Entertainment & Sports Law
What’s Unfair Today May Be Fair Tomorrow, and Vice-Versa
Posted Apr 30, 2008 11:00 AM CDT
By Martha Neil
As claims of unauthorized steroids use in professional baseball and a number of other sports threaten the careers and records of world-class athletes—and have created at least potential criminal and civil liability for some for allegedly lying about the issue—other artificial treatments that arguably offer a comparable advantage are entirely permitted, a news agency points out.
Top golfer Tiger Woods, for instance, had eye surgery to improve his vision, and several athletes are known to have used techniques that increased the oxygen in their blood. And, as advances are constantly being made in genetics, physiology and nanotechnology, it appears likely that many other techniques that enhance human performance will also become accepted practice, Bloomberg writes in a lengthy article about the issue.
"We have become a fusion of humanity and technology,'' says Julian Savulescu, an ethics professor at Oxford University in England. "We're not living in the kind of ideal world where we wrestle naked in oil and the strongest man wins. That is just not what professional sport is about today.''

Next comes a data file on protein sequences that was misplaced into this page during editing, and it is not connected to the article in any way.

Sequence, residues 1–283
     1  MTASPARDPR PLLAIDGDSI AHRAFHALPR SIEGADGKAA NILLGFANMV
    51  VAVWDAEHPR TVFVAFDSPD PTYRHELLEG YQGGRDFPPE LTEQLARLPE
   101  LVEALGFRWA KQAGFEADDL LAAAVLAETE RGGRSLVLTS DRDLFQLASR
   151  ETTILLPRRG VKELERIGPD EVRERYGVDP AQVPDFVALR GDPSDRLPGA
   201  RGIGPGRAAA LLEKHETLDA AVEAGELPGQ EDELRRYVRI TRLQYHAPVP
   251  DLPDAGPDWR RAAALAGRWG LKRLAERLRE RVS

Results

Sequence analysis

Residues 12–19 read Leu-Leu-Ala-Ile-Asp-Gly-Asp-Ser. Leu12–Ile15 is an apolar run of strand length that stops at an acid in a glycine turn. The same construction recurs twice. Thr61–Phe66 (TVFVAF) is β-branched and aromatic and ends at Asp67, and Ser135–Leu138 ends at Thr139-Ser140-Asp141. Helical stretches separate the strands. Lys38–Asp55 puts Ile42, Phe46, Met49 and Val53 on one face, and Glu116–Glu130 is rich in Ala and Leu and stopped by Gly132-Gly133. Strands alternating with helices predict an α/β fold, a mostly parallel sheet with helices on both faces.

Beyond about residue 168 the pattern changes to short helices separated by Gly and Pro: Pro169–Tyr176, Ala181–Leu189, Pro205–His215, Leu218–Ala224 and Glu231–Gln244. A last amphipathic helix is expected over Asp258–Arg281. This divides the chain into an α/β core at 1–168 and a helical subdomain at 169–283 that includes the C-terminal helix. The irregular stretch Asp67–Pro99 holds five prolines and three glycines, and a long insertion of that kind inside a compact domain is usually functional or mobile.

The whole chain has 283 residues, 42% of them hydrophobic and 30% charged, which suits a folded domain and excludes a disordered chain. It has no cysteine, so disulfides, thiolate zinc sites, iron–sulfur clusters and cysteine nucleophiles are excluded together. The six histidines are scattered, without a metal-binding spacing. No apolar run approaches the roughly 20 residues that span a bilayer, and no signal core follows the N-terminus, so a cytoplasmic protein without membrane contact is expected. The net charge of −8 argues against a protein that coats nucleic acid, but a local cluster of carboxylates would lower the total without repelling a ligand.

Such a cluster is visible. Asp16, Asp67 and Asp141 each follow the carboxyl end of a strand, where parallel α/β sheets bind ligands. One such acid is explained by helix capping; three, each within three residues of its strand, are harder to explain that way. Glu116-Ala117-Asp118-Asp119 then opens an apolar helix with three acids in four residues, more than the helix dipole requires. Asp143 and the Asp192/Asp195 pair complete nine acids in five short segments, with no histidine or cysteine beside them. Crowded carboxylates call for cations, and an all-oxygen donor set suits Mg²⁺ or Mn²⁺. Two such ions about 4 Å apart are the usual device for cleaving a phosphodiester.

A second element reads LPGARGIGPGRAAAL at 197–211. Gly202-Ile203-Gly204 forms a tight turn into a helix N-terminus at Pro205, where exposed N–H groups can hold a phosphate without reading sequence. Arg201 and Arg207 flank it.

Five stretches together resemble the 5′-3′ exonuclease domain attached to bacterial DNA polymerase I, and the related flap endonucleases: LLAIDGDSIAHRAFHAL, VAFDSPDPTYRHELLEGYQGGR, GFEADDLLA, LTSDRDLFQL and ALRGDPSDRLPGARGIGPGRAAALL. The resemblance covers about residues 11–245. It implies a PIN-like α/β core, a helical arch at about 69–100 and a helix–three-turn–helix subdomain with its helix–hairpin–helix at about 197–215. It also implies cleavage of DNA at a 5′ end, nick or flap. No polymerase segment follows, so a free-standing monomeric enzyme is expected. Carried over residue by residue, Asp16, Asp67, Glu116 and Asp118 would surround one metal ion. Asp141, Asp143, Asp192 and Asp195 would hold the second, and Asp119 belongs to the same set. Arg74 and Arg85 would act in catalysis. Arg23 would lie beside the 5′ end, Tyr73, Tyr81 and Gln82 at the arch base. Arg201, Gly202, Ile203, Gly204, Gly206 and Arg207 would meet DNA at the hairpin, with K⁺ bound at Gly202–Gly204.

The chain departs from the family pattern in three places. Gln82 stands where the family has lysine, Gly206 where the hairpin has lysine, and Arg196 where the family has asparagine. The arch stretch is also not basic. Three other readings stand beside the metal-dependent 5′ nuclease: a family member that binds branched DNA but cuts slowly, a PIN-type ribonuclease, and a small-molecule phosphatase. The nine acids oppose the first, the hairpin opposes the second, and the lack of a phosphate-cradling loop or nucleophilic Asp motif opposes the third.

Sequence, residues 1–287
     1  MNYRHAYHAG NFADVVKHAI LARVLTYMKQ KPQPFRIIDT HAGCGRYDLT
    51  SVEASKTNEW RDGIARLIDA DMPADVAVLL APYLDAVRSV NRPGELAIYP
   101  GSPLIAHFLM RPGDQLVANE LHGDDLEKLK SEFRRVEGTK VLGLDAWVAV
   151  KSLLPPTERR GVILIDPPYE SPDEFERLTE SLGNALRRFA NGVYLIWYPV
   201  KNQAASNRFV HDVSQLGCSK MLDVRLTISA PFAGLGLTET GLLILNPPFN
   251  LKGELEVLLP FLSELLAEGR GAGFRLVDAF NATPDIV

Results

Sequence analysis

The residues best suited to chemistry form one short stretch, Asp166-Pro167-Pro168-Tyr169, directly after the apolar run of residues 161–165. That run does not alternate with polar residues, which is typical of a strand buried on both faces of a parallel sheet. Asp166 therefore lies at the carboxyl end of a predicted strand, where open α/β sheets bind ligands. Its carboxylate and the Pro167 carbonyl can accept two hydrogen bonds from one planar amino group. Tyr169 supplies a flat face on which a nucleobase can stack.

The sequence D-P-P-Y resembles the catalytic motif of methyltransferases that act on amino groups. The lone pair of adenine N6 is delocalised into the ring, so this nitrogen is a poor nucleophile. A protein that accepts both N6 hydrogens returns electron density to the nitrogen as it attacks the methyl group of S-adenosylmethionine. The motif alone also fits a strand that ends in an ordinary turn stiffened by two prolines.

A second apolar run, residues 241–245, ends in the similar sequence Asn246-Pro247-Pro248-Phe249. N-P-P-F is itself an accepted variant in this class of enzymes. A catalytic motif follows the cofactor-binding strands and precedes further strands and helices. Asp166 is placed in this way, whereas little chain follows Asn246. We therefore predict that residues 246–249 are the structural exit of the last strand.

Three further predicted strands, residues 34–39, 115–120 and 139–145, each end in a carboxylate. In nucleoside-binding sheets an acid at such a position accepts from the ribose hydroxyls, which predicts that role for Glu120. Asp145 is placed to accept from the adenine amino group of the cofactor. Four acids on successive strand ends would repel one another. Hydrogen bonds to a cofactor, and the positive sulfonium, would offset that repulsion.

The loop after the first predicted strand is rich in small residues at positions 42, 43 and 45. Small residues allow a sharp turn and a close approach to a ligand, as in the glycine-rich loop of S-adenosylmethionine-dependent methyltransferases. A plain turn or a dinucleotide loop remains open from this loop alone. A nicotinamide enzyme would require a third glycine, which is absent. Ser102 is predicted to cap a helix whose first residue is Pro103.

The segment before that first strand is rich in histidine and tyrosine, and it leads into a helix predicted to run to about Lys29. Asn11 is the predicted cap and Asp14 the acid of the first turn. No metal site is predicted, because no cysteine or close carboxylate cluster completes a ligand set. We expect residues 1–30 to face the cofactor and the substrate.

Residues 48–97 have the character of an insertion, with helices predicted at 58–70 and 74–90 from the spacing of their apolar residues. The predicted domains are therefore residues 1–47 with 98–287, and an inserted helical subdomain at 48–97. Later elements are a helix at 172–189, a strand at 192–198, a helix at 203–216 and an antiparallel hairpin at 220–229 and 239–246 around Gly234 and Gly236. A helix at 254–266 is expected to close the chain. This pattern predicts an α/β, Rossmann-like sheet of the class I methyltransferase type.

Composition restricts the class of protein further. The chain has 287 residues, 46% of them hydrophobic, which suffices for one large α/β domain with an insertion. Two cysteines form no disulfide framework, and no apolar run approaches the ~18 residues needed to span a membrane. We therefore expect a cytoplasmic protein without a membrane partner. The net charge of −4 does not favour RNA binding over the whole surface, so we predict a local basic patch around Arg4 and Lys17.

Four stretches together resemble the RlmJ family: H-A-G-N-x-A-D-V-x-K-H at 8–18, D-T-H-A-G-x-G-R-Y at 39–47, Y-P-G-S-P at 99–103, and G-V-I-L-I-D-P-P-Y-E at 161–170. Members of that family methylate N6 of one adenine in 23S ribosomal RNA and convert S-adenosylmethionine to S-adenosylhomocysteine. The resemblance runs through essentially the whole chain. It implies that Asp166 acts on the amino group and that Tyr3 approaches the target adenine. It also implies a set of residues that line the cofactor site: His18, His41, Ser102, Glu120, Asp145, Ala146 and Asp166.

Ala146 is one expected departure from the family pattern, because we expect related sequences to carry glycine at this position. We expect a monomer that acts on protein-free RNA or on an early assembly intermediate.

As experts consulted by Bloomberg point out, new technology and techniques can pose a challenge to sports rulemakers, who are called upon to uphold traditional values yet at the same time must adapt to changing expectations as the athletic world adapts to ongoing scientific discoveries.
In a related issue, for instance, a controversy over a new high-tech, low-drag Speedo swimsuit remains unsettled. Although the suit's use has been approved by the sport's governing body, FINA, it has apparently helped a number of athletes set new records and some are calling for it to be banned, notes a recent Voice of America article.
"I don't know how to quantify how much faster it's going to make me, but I do know it will reduce drag, and for the other athletes not wearing a Speedo in that race, they are at a disadvantage," says Natalie Coughlin, a world record-setting swimmer who is sponsored by Speedo.